Saturday, February 24, 2007

A Vision without Power?

A Response to Sally Kohn's Presentation of the Movement Vision Project
by Ben Healey, Network Organizer, Public Policy Institute

The core pieces of the vision Sally articulated – active (or radically participatory) democracy, an inclusive economy, and international justice – strike me as very smart and truly do capture a broad spectrum of what progressive activists are trying to accomplish, each of us within – and sadly rarely across – our individual issue "silos." The language she employs is powerful and motivating, the values are clear, and overall there's not much within those pieces with which I'd disagree.

Nonetheless, I do take issue with what I see as one significant gap in what Sally presented: there needs to be a much more central place for a theory of power in this work. And by that I mean two separate things: 1) power as the thematic and philosophical linkage between the individual pieces of the shared progressive vision we are working to describe; and 2) power as a strategic goal that cannot be decoupled from the articulation of that vision.

1. Power as a thematic and philosophical link

What underlays – and fundamentally connects – the three big pieces Sally laid out last week is a radically different vision of power: who holds it, how it can be wielded, and why. Deeper democracy, in all aspects of civil society and in our relationship to the state; greater popular (or community) control over the economy; and a neo-cosmopolitan, rather than a nationalist or imperialist, approach to international relations – all of these ideas spring from a left understanding of who can and who should hold power, based on a serious (but underdeveloped, in my opinion) philosophy of personhood. Therefore, as a movement that must be (and at least rhetorically contends that it is) concerned with power, we should not be trying to represent a Kantian, individually-oriented view of autonomy as the end goal. Rather, let us imagine together a community-oriented, heteronomous view that considers all of us to be both mutually interdependent and also fundamentally valuable, as individuals, acting within the various spheres of our lives – where we, as individuals, should have real decision-making power within structures of democratic collaboration.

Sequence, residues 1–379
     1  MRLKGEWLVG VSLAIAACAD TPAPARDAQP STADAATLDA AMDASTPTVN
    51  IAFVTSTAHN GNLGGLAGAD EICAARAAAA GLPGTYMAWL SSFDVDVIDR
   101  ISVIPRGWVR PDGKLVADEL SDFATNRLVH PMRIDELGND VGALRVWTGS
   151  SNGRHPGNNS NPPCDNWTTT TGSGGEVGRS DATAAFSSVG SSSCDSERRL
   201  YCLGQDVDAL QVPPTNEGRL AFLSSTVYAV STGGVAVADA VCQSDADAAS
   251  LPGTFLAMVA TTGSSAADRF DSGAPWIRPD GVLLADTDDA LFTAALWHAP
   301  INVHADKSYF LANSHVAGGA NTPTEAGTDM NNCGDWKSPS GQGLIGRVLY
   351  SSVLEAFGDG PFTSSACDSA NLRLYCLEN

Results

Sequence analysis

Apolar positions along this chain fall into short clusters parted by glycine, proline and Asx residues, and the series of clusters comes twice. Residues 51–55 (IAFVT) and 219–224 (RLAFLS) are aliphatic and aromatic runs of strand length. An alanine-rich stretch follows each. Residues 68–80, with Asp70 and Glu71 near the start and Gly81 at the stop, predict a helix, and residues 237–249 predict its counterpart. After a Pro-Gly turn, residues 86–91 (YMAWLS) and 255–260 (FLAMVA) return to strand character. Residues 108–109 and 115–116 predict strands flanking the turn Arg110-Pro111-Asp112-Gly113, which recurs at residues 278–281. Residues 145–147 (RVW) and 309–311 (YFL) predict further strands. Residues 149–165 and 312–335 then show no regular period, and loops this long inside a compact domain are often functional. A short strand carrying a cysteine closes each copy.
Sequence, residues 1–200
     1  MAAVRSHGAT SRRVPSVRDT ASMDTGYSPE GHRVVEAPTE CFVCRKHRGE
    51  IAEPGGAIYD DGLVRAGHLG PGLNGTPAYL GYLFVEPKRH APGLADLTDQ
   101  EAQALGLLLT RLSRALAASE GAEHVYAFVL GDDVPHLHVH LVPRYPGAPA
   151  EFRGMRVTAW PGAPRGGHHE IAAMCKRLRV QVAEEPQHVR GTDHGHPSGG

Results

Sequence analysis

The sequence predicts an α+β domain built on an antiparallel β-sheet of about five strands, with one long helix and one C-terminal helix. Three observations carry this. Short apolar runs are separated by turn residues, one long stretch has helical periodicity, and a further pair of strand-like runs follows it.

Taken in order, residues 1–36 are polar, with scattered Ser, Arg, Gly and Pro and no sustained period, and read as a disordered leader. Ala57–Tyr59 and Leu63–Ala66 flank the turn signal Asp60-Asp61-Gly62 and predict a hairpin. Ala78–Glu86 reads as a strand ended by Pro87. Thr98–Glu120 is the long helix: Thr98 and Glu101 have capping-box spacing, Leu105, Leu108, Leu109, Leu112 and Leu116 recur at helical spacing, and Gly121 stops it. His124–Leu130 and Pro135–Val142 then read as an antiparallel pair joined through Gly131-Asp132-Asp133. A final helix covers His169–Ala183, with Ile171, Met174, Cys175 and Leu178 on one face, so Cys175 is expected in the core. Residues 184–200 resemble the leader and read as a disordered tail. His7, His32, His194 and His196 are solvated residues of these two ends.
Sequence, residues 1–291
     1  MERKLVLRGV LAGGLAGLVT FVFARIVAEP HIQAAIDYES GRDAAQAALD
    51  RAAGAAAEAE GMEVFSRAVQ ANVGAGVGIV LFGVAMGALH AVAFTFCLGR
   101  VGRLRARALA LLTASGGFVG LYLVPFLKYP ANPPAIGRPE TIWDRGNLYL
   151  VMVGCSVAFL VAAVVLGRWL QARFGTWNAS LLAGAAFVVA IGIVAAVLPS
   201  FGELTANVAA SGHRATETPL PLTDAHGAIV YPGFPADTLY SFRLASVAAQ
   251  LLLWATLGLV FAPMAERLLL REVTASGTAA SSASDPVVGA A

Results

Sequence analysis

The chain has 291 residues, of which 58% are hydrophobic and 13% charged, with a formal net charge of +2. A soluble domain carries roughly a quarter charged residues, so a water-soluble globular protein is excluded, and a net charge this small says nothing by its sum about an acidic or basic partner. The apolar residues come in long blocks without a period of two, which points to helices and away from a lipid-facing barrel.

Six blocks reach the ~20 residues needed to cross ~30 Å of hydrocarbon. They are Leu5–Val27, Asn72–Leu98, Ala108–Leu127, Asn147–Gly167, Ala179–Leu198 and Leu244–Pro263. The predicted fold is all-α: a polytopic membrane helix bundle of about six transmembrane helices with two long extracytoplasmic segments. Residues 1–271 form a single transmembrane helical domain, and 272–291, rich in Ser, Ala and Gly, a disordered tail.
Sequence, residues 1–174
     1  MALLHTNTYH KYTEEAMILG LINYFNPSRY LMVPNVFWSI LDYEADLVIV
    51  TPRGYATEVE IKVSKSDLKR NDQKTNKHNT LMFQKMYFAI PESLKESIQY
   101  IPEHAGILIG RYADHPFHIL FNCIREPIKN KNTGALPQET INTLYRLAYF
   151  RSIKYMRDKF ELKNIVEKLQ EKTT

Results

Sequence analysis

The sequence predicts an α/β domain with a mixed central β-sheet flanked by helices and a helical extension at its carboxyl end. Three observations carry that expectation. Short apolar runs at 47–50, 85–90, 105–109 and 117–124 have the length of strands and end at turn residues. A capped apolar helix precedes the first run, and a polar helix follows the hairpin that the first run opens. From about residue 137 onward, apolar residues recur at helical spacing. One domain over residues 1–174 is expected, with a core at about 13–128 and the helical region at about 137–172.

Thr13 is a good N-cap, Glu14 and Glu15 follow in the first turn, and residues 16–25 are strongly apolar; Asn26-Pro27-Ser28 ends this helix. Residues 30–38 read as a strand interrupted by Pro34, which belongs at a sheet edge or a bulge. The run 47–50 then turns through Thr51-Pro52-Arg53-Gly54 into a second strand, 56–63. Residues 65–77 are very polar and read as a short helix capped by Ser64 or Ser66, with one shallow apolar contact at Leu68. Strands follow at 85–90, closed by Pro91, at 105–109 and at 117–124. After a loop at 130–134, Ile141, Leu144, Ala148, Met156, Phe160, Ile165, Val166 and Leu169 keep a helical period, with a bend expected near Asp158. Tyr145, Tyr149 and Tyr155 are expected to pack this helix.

I use as an example Charles Knight's comments that evening: "We could get 50 Israelis and Palestinians – all committed to peace as an end goal – in a room to discuss what the internationally 'just' solution to that conflict would be, and we still probably wouldn't come out with an answer." He's right. And so I offer up this point: while the solution to the conflict matters immensely, what matters even more – in terms of our shared vision, at least – is that one side doesn't have the power to blow the other up, and thereby dictate the terms of negotiations.

Thus, I believe that we should share this common goal on the left and articulate it whenever we discuss our vision: that we work to transform relations of power so that human beings, working together in democratic structures, determine together how best we can create healthy communities; productive, meaningful and sustainable economies; and an improved quality of life for ever-increasing numbers of people.

2. Power as a strategic goal

Dale Bryan mentioned that Sally left out "conflict" in her analysis. His comment sparked in me this complaint, which is that Sally's analysis seems to operationalize the "progressive vision" only in so far as it is about how we tell our story, how we frame it, and how we seek to authentically actualize it in our organizations' work.

Maybe I'm missing something – but that just ain't enough, and I don't think I'm saying anything that we all don't already know. So why not say it? Our strategy has to be about gaining governing power, so that we can implement our vision. Not about opposition to power, but instead figuring out how our side is going to run the country.

In all facets of our lives, people do not choose to act unless they believe that they have some power (to influence, persuade, decide, etc.), and a movement won't grow unless those who share our goals (or, just as importantly, those who might come to share our goals if we present our vision in a compelling fashion and tell our values-based stories better) recognize that we are actively contesting for power – and that they will have more of it when we win! Sally's strategic trifecta doesn't seem to grapple with this reality, and I'm curious as to why.

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